But Ruth is renowned for far more than the impressive quality and quantity of her publications. She has also long been known as a committed mentor who works tirelessly in support of graduate students both during and after their tenure of study at Indiana University. Ruth has chaired more than 75 dissertation committees and served as a member on many more, and her former students occupy positions at major academic institutions all over the world.
Ruth’s commitment to professional service is no less passionate, and she has translated this belief into institution-building action throughout her career. In this realm, she will be remembered for solidifying ethnomusicology’s place in the academy and for service motivated by her visionary grasp of both problems and possibilities related to technology in the arts and humanities and in the academy at large. Highlights of her international service include a term as president of the Society for Ethnomusicology (1995-1997) and co-founding and co-directing the Mellon-funded EVIA Digital Archive (2000-present), an enormous online repository of ethnographic video used by researchers and teachers around the world. Here at IU, Ruth’s many administrative appointments have included terms as chair of the Department of Folklore and Ethnomusicology (1995-99, 2003-05), director of the Ethnomusicology Institute (2000-05, 2014-15), director of the Archives of Traditional Music (1988-95, 2000-01), director of the Institute for Digital Arts and Humanities (2007-09, 2010-14), and associate vice provost for research (2007-14). In this latte role, Ruth planted the seeds and nurtured the early growth of what would become the Media Digitization and Preservation Initiative, the $15-million, groundbreaking effort to digitally preserve the entire media holdings of the IU Bloomington campus.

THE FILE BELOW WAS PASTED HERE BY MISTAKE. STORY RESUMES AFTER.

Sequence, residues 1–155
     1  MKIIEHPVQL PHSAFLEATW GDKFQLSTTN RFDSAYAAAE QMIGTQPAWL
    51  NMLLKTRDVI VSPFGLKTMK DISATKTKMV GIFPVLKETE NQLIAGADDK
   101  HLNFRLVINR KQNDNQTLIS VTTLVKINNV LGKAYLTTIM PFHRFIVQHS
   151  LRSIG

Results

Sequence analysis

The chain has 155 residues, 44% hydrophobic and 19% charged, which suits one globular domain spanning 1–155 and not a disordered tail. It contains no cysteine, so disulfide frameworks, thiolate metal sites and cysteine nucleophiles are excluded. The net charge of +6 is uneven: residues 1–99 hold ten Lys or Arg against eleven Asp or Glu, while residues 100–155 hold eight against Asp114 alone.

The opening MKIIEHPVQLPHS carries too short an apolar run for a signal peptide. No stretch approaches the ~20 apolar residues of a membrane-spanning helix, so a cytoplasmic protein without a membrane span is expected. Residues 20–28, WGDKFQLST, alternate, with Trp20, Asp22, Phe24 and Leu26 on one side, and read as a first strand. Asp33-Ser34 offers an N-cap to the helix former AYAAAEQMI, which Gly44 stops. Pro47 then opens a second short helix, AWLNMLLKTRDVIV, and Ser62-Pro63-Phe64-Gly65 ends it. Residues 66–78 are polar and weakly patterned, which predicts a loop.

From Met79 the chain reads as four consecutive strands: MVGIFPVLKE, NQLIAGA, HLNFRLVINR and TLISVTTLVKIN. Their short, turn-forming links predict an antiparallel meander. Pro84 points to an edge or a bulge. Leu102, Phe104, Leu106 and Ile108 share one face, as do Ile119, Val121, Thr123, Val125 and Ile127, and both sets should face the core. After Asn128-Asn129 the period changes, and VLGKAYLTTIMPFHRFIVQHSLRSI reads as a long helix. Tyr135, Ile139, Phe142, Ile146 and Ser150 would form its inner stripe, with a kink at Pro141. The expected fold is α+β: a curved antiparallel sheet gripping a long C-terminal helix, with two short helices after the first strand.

Of the many awards that Ruth has received during her career, two stand out as exceptional markers of the extent of her contributions both to her discipline and to IU. In 2013, in recognition of extraordinary service to the society and the field of ethnomusicology, Ruth was named an Honorary Member of the Society for Ethnomusicology. Then in 2014, Ruth’s contributions to the academic mission of IU were recognized when she was awarded the Provost’s Medal, the highest honor bestowed by the IU Office of the Provost.
While our focus today is celebrating her professional accomplishments, Ruth is also well known locally as an ever-supportive, humane, and generous colleague and friend; loving wife of Verlon; nurturing mother of Angela; and mother-in-law of Keith. A master prioritizer, Ruth Stone is a superlative model of the successful balance of profession and people in her life. Though she will be deeply missed, we wish her happiness and health as she enters life’s next phase.
-Daniel B. Reed